Friday, June 17, 2022

QR22 Day 17 - Marlon Bundo

 


Alright, for Day 17 of Queer Rep it’s Last Week Tonight with John Oliver Presents: A Day In The Life Of Marlon Bundo. This one has a lot of backstory behind it involving Mike Pence, John Oliver, and others, but what you need to know is this:

  1. It’s a children’s book about two boy bunnies who get married despite ignorance and opposition.
  2. ALL proceeds of the book go to the Trevor Project (nonprofit organization focusing on preventing suicide in LGBTQIA+ youth) and AIDS United (nonprofit organization focusing on ending the AIDS epidemic in the United States).
  3. It’s ultimately a great resource for teaching acceptance of ourselves and others, and inclusion of all.
  4. Also the audiobook is amazing, cheap, and has a phenomenal cast. (Jim Parsons, Jesse Tyler Ferguson, John Lithgow, Ellie Kemper, and RuPaul among others!)
So yeah, you should read this book, buy this book, check out the story behind it! 🏳️‍🌈

Thursday, June 16, 2022

QR22 Day 16 - Continuum by Chella Man

 


For day 16 of Queer Rep, I’m pointing you towards Continuum by Chella Man. It’s part of the “pocket change collective,” a group of small and short books written by today’s activists and artists. The whole series seems pretty great, but today I just want to talk about Continuum. Chella Man is deaf, Asian, Jewish, and a trans man. “All of who I am lies on a continuum,” he writes, and his book explores what that means in terns of gender, religion, race, how to process discrimination, and more. It’s fantastic—and it’s honestly very short, and would not take much of your time to read. I highly recommend it! 🏳️‍🌈🏳️‍⚧️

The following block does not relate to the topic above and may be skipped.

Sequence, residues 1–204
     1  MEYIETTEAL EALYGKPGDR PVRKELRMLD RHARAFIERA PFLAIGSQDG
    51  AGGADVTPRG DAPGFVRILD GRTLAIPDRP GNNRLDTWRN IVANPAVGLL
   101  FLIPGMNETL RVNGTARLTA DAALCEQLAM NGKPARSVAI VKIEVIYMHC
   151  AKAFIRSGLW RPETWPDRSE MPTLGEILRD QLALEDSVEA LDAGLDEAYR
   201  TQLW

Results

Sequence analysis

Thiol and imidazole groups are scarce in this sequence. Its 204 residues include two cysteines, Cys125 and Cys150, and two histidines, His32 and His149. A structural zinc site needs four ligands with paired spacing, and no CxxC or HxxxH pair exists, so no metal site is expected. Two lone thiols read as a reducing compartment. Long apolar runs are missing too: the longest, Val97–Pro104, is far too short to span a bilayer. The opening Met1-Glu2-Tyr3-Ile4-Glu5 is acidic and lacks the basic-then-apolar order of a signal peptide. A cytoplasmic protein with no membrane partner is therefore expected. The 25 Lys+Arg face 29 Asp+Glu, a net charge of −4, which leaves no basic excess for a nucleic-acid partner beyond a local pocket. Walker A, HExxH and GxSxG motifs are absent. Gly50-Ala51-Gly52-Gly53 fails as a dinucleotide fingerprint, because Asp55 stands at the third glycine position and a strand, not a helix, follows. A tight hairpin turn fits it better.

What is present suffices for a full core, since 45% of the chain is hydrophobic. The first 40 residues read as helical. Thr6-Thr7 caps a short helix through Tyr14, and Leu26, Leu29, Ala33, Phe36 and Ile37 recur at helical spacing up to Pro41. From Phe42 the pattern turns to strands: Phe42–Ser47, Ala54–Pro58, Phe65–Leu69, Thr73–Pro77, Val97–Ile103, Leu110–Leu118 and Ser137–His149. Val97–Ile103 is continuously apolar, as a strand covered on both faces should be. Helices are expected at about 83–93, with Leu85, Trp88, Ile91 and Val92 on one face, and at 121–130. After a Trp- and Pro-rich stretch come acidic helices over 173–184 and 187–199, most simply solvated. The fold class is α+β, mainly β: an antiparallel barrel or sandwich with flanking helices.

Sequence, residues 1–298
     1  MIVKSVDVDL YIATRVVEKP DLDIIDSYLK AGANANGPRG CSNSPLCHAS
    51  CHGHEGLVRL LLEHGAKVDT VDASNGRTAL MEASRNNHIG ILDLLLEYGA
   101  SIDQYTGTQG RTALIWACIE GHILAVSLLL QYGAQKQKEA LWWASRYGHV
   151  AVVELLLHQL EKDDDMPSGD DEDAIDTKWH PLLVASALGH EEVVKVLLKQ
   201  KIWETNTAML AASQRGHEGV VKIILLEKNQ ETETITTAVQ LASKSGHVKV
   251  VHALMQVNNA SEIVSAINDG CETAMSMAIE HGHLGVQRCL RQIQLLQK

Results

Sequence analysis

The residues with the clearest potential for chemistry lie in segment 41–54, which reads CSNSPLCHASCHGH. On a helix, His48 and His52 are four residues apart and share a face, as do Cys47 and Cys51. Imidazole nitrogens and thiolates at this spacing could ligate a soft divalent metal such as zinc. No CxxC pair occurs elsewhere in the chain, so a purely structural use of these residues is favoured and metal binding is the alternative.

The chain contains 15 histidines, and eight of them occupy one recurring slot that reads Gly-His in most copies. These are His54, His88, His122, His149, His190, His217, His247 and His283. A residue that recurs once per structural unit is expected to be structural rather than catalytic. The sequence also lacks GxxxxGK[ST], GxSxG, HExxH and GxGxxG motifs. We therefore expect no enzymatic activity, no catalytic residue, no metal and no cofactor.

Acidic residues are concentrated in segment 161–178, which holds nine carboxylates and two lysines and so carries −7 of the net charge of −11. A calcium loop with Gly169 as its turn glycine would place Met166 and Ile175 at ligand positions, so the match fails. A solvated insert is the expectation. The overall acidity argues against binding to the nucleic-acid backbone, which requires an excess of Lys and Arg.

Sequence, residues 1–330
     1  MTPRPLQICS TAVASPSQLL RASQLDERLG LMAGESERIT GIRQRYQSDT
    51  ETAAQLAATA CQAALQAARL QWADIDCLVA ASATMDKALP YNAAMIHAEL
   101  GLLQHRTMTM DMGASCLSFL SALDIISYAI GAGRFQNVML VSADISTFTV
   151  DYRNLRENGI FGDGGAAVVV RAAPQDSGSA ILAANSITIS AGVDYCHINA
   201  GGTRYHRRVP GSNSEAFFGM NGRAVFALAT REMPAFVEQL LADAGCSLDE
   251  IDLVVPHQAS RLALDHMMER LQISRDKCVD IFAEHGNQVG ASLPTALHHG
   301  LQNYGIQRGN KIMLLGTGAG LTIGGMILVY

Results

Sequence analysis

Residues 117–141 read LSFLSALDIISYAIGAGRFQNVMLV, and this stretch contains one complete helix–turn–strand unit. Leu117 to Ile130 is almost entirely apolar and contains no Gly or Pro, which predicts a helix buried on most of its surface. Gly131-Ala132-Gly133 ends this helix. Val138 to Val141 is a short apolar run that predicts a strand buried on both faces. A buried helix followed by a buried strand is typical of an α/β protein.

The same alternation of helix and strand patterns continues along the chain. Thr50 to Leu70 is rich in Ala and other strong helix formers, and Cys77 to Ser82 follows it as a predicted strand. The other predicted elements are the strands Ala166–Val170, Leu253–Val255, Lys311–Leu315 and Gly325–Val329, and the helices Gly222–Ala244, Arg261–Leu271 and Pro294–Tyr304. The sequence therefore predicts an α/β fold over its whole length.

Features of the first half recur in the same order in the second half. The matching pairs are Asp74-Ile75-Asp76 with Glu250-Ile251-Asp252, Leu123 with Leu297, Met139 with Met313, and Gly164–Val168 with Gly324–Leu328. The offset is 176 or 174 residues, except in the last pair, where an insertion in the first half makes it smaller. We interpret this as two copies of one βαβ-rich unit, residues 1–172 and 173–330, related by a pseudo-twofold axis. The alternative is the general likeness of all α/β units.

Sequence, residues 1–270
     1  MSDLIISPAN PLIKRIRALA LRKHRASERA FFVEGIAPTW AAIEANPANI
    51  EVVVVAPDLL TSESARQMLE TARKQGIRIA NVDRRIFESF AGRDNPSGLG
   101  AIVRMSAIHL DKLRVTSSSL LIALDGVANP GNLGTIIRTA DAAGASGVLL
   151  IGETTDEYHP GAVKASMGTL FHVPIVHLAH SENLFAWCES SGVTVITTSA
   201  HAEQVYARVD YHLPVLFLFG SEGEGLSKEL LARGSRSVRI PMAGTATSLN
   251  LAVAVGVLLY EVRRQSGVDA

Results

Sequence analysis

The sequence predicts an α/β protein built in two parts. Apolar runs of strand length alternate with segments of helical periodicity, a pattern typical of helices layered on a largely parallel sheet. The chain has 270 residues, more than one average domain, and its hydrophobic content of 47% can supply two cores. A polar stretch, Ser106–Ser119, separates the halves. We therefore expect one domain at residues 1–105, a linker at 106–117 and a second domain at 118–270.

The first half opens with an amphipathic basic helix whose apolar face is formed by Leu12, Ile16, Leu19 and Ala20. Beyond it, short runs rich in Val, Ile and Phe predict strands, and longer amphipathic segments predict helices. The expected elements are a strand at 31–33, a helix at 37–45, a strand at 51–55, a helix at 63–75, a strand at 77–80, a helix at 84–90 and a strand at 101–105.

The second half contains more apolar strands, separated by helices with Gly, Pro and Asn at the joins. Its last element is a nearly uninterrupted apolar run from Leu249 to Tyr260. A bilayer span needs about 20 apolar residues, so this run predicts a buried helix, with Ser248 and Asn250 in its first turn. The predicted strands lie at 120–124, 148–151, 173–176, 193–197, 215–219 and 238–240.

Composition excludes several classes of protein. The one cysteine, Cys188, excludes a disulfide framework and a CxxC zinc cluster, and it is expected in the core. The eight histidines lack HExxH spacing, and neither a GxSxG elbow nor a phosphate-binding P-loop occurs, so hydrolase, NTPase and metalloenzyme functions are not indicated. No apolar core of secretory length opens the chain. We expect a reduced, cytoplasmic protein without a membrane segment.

(Ongoing list of Queer Rep recommendations here!)

Wednesday, June 15, 2022

QR22 Day 15 - Just Juliet

 


Day 15 of Queer Rep—we’re already halfway through the month!—and today I’m talking about Just Juliet by Charlotte Reagan. It’s another delightful romcom, this time with a bisexual lead. Bisexuality can be tough to represent accurately and in a meaningful way. The tendency is to either let a bisexual main character fall into a heterosexual relationship and basically treat them as straight, or to let them have a homosexual relationship, and all but label them gay or lesbian (do a quick search for “bisexual erasure” and you’ll scratch the surface of this problem).